Drug habits don’t always relate to the user. Dependence can also fall on the pusher as well. Something that Jeezy understands that wholeheartedly. For over a decade, The Snowman created some of the best street anthems Atlanta Hip Hop had to offer while evolving in small yet significant increments. Despite having mainstream gains — from earning double platinum status alongside Rihanna to “My President” being the theme song for the historic 2008 U.S. presidential election, his past life which included an association with the notorious Black Mafia Family normally dominated the topics of his records. However, he was shadowed with questions of reinvention when he dropped last year’s Church in These Streets.

The end result yielded a semi-woke project chronicling Black America’s social political shift from someone who wanted to make a change, but necessarily couldn’t deliver. (It was also his lowest-selling album to date.)

This is what makes Trap or Die 3 such an engrossing project as it’s the first in the storied series that’s devoid of the “Young” moniker he dropped back in 2014. Thematically, Trap or Die 3 is a disappointing regression stuck in the same trap raps he’s been spitting since Boyz n da Hood. Yet, it’s still sonically above anything Church in These Streets provided. Kicking off with “In The Air,” The Snowman dials back the clock and relives his old trap sensibility. “Heard the streets is talking to them bitches I’m listening/Y’all gon’ make me whip a quarter mil up wit my wrist and shit/Shawty Redd got the beat banging Snow back on his Snow shit/The way I feel nigga I might call up my old bitch/Lexus coupe bubble eye I was paying 24,” he spits on one of Shawty Redd’s best production in years.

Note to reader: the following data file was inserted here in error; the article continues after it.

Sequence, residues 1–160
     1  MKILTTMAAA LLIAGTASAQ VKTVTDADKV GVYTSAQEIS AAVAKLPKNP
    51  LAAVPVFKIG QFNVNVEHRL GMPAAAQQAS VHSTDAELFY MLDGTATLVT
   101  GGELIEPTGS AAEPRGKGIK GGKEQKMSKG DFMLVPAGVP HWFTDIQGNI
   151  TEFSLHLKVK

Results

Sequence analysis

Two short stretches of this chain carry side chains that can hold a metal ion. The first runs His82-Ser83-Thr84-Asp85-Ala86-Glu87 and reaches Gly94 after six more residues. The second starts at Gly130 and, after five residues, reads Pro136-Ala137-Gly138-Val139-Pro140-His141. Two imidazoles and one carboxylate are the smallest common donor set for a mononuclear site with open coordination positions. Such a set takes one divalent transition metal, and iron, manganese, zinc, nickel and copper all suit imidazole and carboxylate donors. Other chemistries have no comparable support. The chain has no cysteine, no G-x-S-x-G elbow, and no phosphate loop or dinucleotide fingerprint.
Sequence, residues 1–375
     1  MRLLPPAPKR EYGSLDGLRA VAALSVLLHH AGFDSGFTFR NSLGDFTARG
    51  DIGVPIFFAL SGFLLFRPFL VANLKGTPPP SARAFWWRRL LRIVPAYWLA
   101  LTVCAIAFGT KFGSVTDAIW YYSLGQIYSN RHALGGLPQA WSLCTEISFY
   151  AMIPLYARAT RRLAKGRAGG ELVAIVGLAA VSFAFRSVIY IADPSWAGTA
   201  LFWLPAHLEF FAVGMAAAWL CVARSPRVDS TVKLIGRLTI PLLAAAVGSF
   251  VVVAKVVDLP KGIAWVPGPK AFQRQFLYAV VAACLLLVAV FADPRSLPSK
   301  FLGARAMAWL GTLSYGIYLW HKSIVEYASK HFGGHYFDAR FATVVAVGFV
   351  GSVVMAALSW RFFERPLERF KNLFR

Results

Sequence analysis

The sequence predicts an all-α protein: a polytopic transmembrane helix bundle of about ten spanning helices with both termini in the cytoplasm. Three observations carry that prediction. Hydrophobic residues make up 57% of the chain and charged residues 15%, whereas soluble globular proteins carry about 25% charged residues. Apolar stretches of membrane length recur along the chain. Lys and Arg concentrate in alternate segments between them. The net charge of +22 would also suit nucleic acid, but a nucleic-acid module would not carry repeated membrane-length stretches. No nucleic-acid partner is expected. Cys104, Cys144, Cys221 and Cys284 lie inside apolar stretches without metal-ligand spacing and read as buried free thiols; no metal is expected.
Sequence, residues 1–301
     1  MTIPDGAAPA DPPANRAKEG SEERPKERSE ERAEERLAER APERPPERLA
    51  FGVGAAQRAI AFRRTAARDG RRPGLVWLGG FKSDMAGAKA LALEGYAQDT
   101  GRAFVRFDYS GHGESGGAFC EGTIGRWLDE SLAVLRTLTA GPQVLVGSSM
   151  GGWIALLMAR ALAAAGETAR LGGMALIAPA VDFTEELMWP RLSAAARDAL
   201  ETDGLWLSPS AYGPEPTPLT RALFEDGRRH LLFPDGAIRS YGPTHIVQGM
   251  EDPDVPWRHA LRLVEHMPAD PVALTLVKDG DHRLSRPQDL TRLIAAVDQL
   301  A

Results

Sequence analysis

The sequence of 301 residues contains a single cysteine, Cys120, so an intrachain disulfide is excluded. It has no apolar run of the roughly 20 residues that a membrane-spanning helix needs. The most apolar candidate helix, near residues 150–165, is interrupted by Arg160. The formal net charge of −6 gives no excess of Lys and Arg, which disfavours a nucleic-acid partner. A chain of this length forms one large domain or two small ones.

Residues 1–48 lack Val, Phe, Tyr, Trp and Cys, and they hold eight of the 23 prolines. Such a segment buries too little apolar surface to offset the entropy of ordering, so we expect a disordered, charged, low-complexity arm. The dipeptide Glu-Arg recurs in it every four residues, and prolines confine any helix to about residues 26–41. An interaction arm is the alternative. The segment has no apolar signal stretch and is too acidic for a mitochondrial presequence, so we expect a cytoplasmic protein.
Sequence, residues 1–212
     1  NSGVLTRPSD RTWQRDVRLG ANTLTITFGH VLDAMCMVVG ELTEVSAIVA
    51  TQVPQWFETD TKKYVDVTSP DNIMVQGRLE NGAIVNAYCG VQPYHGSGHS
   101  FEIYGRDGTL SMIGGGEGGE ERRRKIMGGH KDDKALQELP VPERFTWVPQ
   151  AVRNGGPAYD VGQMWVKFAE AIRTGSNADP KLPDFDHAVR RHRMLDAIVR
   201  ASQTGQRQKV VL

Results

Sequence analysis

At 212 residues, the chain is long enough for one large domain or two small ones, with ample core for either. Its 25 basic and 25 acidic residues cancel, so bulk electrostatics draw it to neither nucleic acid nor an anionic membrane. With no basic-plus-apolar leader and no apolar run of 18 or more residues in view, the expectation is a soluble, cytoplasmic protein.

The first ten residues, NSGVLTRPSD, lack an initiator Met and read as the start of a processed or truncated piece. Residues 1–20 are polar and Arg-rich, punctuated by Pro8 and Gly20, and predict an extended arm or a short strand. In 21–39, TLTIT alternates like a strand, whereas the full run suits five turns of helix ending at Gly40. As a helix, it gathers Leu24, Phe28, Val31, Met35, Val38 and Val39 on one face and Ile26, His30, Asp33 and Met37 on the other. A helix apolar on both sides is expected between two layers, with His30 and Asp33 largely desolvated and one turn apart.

Gone are the simple melodies and drum snare patterns that dominated past street releases; there are nuanced dynamics which continues on the second track “G-Wagon” and once again sounds Tempur-Pedic comfortable with his day one beatsmith on the later-half track, “U Kno It” becomes a flat-out trunk rattler featuring the same textured feel inside haunting score.

It’s quite a shame Redd’s production only gets three placements and defines Jeezy’s TOD3 sound a lot better than the others who provided instrumentals. Established producers from D. Rich to DJ Monty to even Mike WiLL Made It give mixed results laying The Snowman’s soundtrack. Current unknown PD does lend one of Trap or Die 3 more surprising tracks as Jeezy calls himself the Walt Disney of The Trap on “So What.” The drunk piano loop compliments standard drums/snare combo and allows some good beat riding. Another great production from PD gives Yo Gotti the juice to spit his best boss lingo on “Where It At.”

Outside of TM:103, Jeezy doesn’t offer albums stuffed with unnecessary guest appearances but things done changed. There are some run-of-the-mill features from Lil Wayne (“Bout That”), French Montana (“Going Crazy”) and Chris Brown (“Pretty Diamonds”), but the rest of the supporting cast help elevate below-average tracks. Plies proves that anything geared toward the ladies is one of Jeezy’s Achilles’ heel as his unmixed sounding verse saves “Sexé’s” cringeworthy hook. The clear-cut TOD3 highlight, “All There,” is sadly that moment when you remember Bankroll Fresh was more actually on his way to superstardom.

Jeezy is better than Trap or Die 3 and he knows it. If Church in These Streets were a commercial success, he would have continued to plow that road. Instead, he harkens back to his better years and plays it safe. “You still talkin’ blow?/You goddamn right / What else I’m gon’ say? That’s my mu-fuckin’ life,” he once proclaimed on U.S.D.A. mixtape Cold Summer track, “Corporate Thuggin.” Since that line of brilliant complacency, he has proved time and time again his artistry is bigger than the trap. It might be the time he finally embraces it.